Tiny but potent, these two food ingredients in your diet can make you really strong

Move beyond macros like proteins and vitamins.

 |  Hello, Health  |  4-minute read |   10-07-2017
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Very often, the nutrition news we are fed is a smattering of facts: frivolous and half-baked. The truth, that is how good a food is for us, usually lies buried deep in some specific components that constitute the food.

So to really understand how to eat well, it’s important to go beyond the superfluous information floating about, get acquainted with the food elements good for us and learn how to score enough of them.

After all, our health depends on them far more than the food macros.

paneeer_071017035338.jpgGet the greens.

The first component to make friends with is quercetin as it leads to a longer life, healthier heart, improved immunity, enhanced energy and more — stuff that all of us seek. Recent research marks this antioxidant as anticancer and antitumour, plus it effectively fights free radical damage helping arrest the effects of stress-induced ageing and inflammation. According to some estimates, an average person scores between 5 and 40 milligrammes of quercetin a day. Even though there are no set RDAs (recommended dietary allowances) for this antioxidant, we can and must try to get in much more than that (in fact, more the merrier). And this is possible by consciously incorporating quercetin-rich foods in our diet.

For that to happen, we need to know which foods to target, so here’s an extensive list:

Right on top are tea leaves, both green and black, giving close to 255 and 200mg of quercetin respectively per 100grams of leaves. So a couple of cups a day of either or both is a good idea certainly. But the important thing to know is that quercetin is a delicate heat-labile nutrient and may not survive completely when subjected to boiling water.

So instead of boiling tea leaves, place them in a cup, add hot water (not boiling water) and drink as quickly as possible when the brew is ready.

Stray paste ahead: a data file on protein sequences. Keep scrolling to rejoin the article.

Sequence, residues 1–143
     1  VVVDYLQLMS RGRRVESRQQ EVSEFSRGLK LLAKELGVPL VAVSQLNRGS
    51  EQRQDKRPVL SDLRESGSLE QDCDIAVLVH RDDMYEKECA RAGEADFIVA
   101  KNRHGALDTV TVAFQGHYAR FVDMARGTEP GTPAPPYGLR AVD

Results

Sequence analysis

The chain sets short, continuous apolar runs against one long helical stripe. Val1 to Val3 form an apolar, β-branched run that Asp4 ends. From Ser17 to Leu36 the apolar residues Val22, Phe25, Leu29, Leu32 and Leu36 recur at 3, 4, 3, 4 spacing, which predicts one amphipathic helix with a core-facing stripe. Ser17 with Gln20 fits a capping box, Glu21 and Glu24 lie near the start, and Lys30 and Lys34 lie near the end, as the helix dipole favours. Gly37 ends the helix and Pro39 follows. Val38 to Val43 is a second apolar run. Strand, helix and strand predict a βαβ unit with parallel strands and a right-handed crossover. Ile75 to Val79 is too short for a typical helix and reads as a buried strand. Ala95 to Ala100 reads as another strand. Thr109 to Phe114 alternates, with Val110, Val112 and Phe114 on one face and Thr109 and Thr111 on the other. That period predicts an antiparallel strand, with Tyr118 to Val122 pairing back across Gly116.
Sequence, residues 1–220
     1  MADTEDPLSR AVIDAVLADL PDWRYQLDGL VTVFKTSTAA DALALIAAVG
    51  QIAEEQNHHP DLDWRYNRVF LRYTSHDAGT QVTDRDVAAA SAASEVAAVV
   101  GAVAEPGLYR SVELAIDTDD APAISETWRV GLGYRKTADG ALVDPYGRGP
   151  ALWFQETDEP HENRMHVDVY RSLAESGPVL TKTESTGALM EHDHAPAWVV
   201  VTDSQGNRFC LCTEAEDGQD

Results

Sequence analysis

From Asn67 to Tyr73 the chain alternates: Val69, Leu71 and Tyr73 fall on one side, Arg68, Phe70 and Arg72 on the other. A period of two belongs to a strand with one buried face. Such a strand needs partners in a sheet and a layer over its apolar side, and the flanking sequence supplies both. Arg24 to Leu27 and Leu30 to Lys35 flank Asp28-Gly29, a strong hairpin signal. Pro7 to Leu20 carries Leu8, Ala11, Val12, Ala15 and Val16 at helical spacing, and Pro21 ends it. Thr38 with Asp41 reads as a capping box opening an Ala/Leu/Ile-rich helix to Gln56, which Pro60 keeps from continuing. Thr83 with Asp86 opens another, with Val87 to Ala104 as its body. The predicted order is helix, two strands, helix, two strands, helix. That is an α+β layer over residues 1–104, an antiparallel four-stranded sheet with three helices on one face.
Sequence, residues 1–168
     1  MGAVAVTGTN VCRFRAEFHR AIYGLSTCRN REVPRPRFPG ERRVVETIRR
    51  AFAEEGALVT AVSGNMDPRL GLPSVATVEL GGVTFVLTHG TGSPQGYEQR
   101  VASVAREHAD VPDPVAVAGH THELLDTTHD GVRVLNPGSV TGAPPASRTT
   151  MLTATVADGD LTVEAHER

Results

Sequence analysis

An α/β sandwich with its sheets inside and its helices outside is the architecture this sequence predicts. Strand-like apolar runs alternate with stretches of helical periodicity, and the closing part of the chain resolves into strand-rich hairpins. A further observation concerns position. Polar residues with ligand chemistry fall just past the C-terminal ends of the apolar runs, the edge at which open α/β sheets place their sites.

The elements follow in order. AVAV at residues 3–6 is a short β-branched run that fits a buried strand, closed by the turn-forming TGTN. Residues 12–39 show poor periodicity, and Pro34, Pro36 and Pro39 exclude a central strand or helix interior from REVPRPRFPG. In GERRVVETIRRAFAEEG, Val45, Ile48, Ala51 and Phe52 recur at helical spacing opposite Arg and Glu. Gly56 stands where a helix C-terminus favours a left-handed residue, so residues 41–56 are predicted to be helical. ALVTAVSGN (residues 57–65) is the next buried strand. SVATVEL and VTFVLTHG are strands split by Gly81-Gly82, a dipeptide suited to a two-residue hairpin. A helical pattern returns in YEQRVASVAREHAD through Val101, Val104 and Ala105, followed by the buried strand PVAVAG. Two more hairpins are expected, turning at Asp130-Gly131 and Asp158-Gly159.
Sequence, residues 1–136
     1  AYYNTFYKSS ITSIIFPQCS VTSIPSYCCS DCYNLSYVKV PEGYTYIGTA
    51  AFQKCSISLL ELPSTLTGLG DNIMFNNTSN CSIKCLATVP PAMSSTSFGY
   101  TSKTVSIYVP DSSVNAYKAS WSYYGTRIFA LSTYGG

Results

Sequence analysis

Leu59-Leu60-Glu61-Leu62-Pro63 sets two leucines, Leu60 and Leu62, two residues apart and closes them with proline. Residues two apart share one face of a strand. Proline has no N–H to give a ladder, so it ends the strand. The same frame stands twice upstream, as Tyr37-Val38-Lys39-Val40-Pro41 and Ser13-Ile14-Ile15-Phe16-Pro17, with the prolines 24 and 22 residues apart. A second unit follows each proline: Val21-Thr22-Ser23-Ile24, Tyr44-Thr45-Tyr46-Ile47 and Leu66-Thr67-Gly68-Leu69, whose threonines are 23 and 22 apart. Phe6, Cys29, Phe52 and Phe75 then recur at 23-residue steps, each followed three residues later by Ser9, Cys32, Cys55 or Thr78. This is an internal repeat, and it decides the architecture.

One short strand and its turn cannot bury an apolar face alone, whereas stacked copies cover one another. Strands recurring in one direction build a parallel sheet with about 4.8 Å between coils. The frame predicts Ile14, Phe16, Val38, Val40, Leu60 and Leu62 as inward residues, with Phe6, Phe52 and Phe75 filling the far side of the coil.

chai-emb_071017035202.jpgDon't boil the leaves.

Come to think of it that’s probably why the Japanese do not boil tea leaves. Other liquids that help are cocoa, cranberry juice, lemon juice (all three are potent sources) and red wine (yes, a little bit of the tipple is good for us).

Raw red onions are a good bet too as 100gm of these will give you almost 20mg of quercetin, but the white, the sweeter variety, will give you only one-fourth of that. So plate more of the red ones. And also peel them lightly, as most of the antioxidant is concentrated near the peel. Plus, as the quercetin content is slightly diminished by cooking, raw is your best bet.

Next come the greens: kale and spinach, and the ubiquitous apple (yes, that’s why an apple a day!). Other foods to score are prunes, peppers, red grapes, dark cherries and berries, tomatoes, broccoli, asparagus, cabbage, sprouts and citrus fruits.

Pick and choose at will from the list. It’s actually a no-brainer that the daily intake of quercetin will be higher in those who eat a lot of vegetables and produce.

kuttu_ki_puri_149111_071017034849.jpegKuttu ku atta is great for your diet.

Also add some buckwheat to your diet, as it seems to be the only grain with a healthy amount of quercetin. Those who designed the navratra fasting fare (which is usually heavy on buckwheat or kuttu ka atta) were really smart apparently!

Another interesting, though not so easily available, food loaded with quercetin is bee pollen. Good bet again, but like I said, not that easy to source.

Score this one too

Another hot tip is that when quercetin is combined with another food component, an anti-inflammatory enzyme called bromelain, the health benefits delivered by both multiply. There is only one known food source of this enzyme: pineapple! So it’s a good idea to have some every now and then. And the important thing to remember here is that the fibre-rich core of pineapple has the maximum concentration of bromelain. So pick the juiciest, ripest one you can find, so that you can eat some of the soft core too.

how-to-cut-up-pineap_071017034639.jpgDon't miss the fibre-rich core.

Now bromelain is really good for us. It specifically helps to digests proteins, and also helps our body absorb nutrients more efficiently, and make the most of what we eat. That’s precisely why it is a fabulous immunity booster. Plus it is one of the most effective natural antihistamine (anti-allergy agent) known and helps keep a lid on respiratory distress and inflammation associated with allergies. It also reduces discomfort and swelling associated with sinus problems. So for those with respiratory issues —pineapple can certainly be your saviour.

The bottom line is that it pays to focus on these tiny food components to ensure that we get and stay strong from inside.

So move beyond macros like protein, vitamins et al. Now remember these two terms — quercetin and bromelain — and make friends with them.

Also read: No, mangoes don't make you fat and diabetics can have them too


Kavita Devgan Kavita Devgan @kavitadevgan

The writer is a nutritionist, weight management consultant and health writer based in Delhi. She is the author of Don't Diet! 50 Habits of Thin People (Jaico).

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